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Coalition urges halt to Bush’s Social Security reform plan

Coalition urges halt to Bush’s Social Security reform plan
Coalition urges halt to Bush’s Social Security reform plan
From left, David Runge, Marvin Capehart, Irma Finn and Dorothy Capehart talk after a grassroots coalition meeting in Corydon to protest President Bush's attempt to transform Social Security. (Photo by Randy West)

A group of people have formed a grassroots coalition to prevent the privatization of Social Security, the federal government’s guaranteed retirement security program or safety net inaugurated by Franklin Delano Roosevelt in 1935, during the depths of the Great Depression.
The opponents met for 1-1/2 hours last week at the Harrison County Justice Center to criticize President Bush’s proposal to divert up to two-thirds of payroll tax money to private investment accounts and to map out a strategy to get the attention of Congressmen, U.S. Senators and the public.
The Citizens Against Privatized Social Security meeting was called by Marvin and Dorothy Capehart of Georgetown, retired Louisville teachers Debbie Stinson and Charles Allen of Corydon, and Carol Smith, a long-time Lyndon LaRouche supporter. Indiana AARP spokesperson Bob White was the guest speaker. Several union officials from Louisville and others spoke, too.
They encouraged the 30 or 40 people present to get organized, call or e-mail their Congressmen and Senators, speak up at meetings and before organizations. Harrison County Democrat Central Committee Chair Steve Haggard challenged them to meet again soon, with everyone bringing two more people with them.
Harrison County Court House worker Judy Ackerman encouraged people to join the National Committee to Preserve Social Security and Medicare. AFL-CIO retirees president Thomas L. Houchin said his union has a matching fund available for people who want to fight the Bush reform plan. Another labor leader, Scott Pulliam, of the International Brotherhood of Electrical Workers in Louisville, said it’s a matter of activating the 49 percent of the electorate who voted against Bush in November.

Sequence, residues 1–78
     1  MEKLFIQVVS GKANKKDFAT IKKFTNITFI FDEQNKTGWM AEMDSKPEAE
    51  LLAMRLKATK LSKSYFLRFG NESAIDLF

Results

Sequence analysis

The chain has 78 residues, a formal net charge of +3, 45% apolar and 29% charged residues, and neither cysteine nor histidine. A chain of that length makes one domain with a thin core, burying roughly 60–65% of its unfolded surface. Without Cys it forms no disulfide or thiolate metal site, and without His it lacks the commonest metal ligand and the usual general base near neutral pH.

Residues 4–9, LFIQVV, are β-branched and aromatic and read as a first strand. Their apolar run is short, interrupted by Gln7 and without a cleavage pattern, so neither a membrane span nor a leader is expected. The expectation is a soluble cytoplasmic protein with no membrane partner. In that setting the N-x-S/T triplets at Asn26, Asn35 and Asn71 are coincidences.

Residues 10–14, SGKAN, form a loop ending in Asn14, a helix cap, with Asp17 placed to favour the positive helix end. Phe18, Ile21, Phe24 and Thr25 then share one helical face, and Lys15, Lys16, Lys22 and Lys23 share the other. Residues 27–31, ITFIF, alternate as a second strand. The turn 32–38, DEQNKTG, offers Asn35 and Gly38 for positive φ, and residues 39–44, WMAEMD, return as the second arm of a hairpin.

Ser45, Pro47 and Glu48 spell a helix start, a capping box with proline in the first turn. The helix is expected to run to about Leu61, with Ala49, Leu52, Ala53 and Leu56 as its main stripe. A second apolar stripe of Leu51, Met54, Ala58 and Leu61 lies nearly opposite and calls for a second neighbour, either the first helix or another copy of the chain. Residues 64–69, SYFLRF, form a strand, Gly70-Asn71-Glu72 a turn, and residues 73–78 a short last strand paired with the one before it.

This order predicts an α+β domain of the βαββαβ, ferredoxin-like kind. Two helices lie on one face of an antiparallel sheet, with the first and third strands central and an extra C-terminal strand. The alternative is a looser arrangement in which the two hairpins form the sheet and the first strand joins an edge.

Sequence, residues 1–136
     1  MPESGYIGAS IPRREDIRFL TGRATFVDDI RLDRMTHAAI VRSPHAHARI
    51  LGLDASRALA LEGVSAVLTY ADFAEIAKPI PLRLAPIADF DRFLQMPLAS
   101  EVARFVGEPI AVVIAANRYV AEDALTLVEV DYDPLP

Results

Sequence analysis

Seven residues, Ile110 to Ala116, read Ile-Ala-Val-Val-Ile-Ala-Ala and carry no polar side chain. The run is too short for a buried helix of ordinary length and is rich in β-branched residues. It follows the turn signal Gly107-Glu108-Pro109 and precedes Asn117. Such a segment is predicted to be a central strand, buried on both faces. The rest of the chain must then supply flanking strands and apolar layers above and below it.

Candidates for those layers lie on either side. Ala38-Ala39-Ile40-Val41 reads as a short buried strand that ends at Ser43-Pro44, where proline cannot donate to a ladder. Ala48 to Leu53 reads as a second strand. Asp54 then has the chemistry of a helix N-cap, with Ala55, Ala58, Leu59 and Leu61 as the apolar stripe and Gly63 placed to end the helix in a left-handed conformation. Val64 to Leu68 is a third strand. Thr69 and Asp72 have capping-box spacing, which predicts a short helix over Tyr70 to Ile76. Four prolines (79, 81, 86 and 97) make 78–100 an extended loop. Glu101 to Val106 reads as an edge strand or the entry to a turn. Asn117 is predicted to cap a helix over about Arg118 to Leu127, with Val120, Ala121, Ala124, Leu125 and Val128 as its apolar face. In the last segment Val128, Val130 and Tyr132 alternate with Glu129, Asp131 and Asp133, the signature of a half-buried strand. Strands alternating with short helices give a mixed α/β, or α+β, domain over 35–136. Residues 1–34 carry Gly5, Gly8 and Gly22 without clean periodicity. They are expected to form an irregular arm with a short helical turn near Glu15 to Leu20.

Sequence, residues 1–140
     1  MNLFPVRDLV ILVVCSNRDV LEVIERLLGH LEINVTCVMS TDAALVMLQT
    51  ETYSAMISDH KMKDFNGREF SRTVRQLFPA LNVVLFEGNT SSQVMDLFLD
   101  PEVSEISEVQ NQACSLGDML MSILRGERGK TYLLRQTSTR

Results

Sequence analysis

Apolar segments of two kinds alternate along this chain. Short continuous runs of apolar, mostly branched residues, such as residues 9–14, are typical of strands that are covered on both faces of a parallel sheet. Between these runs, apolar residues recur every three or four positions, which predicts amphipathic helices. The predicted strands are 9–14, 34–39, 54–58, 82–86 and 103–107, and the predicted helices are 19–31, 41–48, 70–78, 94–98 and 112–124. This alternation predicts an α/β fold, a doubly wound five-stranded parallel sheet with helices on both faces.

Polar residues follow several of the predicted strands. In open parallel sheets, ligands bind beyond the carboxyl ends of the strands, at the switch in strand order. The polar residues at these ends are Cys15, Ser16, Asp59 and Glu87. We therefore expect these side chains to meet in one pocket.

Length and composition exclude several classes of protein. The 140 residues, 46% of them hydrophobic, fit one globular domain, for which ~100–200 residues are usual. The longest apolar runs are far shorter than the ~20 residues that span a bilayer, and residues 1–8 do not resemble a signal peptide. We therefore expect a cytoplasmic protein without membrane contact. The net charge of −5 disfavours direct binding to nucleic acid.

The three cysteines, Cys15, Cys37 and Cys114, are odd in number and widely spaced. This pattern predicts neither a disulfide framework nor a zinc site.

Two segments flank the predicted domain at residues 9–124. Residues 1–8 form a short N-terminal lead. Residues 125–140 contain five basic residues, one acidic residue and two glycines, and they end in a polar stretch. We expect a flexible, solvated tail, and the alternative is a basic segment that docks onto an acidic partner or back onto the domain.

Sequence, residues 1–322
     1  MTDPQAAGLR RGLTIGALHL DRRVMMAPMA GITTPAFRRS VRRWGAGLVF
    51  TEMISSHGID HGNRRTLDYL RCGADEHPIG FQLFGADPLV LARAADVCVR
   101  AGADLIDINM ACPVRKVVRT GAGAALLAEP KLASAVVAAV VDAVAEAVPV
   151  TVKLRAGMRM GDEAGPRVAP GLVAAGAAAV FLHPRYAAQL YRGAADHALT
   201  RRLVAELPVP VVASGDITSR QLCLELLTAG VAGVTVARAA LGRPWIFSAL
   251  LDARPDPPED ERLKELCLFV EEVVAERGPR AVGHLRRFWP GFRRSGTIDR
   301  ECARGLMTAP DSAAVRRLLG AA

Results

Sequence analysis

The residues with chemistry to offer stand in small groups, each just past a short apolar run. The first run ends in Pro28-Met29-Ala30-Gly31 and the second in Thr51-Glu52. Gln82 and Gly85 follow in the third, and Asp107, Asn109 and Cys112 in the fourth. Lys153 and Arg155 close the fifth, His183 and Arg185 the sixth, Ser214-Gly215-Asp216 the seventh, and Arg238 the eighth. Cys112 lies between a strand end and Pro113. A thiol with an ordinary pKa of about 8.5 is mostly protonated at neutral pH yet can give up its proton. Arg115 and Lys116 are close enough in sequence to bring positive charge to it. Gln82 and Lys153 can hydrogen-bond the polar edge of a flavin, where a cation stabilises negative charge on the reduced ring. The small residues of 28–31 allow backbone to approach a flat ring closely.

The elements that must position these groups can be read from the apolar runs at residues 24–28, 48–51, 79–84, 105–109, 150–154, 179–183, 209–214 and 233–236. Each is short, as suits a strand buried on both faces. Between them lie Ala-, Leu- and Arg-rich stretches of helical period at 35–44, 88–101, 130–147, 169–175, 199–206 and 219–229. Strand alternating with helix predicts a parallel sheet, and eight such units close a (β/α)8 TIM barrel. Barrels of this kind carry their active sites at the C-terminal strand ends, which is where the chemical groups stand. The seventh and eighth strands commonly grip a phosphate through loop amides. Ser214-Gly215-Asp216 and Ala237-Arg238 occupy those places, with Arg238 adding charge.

Last week in his State of the Union message, President Bush said the nation’s costliest social program, on its current path, is ‘headed for bankruptcy’ unless it’s changed. Bush Administration officials will soon fan out throughout the country to spread their message.
TIME magazine said in its Jan. 24 edition that Bush told some teenagers during an unscripted moment: ‘The system will be bankrupt by the year 2040.’
TIME added, ‘That sounds pretty scary ‘ except that it’s not true.’
In 2018, money paid out in benefits will begin to exceed the amount collected in taxes, the magazine said. ‘And since Social Security will run a surplus until then, it has billions available that it can tap to fill the gap … Even under conservative estimates, the system as it stands will have enough money to pay all its promised benefits until 2042 and most of its obligations for decades after.’
The Associated Press said last week that Bush’s plan would cut guaranteed retirement benefits for younger Americans but would not affect checks for people 55 or older. Contributions would be capped at $1,000 per year, rising each year by $100. Guaranteed benefits would be reduced to make up for the billions that would be needed to cover the private accounts at first.
Bush and other administration point people have said they are willing to consider every and all proposals ‘ except raising Social Security taxes.
The people who met last week at the Justice Center say Bush’s program to invest part of the individual’s income taxes is unnecessary, risky for the average worker, and would likely, according to historic actuarial tables, not generate any more income, for the investor or the government, than it does now. White said only privatization would produce a crisis.
Social Security was created in 1935 to prevent people from suffering through a financially disastrous old age. It is now a $400 billion program that Democrats have been proud of for generations and Republicans would love to dismantle as an expensive and burdensome program.
In a letter to Debbie Stinson, Congressman Ron Lewis, a Republican representing Kentucky’s Second District, said each month Social Security ‘directly impacts nearly every American either through payroll taxes collected or benefits paid to our nation’s disabled or retired. Social Security provides essential income security for over 45 million Americans of all ages. Without it, many people would live in poverty.’
He said Social Security is now financially sound because the entitlement program is taking in more from taxes collected than it pays out in benefits. ‘However,’ the Congressman wrote, ‘the nonpartisan Social Security and Medicare Board of Trustees warns that in the year 2019, cash flow deficits start, and in 2042 the trust funds are projected to be completely exhausted (at this point, the system will only be able to pay 73 percent of promised Social Security benefits). The trustees urge reform.’